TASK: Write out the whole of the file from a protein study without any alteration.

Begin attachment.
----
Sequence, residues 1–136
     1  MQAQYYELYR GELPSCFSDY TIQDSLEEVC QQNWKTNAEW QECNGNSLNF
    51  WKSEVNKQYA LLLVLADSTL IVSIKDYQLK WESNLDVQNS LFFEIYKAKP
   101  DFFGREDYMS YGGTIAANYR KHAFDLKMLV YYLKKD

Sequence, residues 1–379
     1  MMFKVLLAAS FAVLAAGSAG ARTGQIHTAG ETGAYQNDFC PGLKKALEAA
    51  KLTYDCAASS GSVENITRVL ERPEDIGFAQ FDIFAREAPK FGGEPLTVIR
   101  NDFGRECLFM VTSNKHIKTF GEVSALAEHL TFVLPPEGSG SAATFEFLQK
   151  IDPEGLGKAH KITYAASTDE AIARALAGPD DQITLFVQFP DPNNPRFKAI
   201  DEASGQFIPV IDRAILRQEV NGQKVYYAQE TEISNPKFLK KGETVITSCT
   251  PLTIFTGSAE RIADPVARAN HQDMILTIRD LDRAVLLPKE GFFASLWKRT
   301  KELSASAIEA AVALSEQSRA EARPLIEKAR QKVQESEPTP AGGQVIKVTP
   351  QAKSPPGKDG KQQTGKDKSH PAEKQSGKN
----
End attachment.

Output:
Sequence, residues 1–136
     1  MQAQYYELYR GELPSCFSDY TIQDSLEEVC QQNWKTNAEW QECNGNSLNF
    51  WKSEVNKQYA LLLVLADSTL IVSIKDYQLK WESNLDVQNS LFFEIYKAKP
   101  DFFGREDYMS YGGTIAANYR KHAFDLKMLV YYLKKD

Sequence, residues 1–379
     1  MMFKVLLAAS FAVLAAGSAG ARTGQIHTAG ETGAYQNDFC PGLKKALEAA
    51  KLTYDCAASS GSVENITRVL ERPEDIGFAQ FDIFAREAPK FGGEPLTVIR
   101  NDFGRECLFM VTSNKHIKTF GEVSALAEHL TFVLPPEGSG SAATFEFLQK
   151  IDPEGLGKAH KITYAASTDE AIARALAGPD DQITLFVQFP DPNNPRFKAI
   201  DEASGQFIPV IDRAILRQEV NGQKVYYAQE TEISNPKFLK KGETVITSCT
   251  PLTIFTGSAE RIADPVARAN HQDMILTIRD LDRAVLLPKE GFFASLWKRT
   301  KELSASAIEA AVALSEQSRA EARPLIEKAR QKVQESEPTP AGGQVIKVTP
   351  QAKSPPGKDG KQQTGKDKSH PAEKQSGKN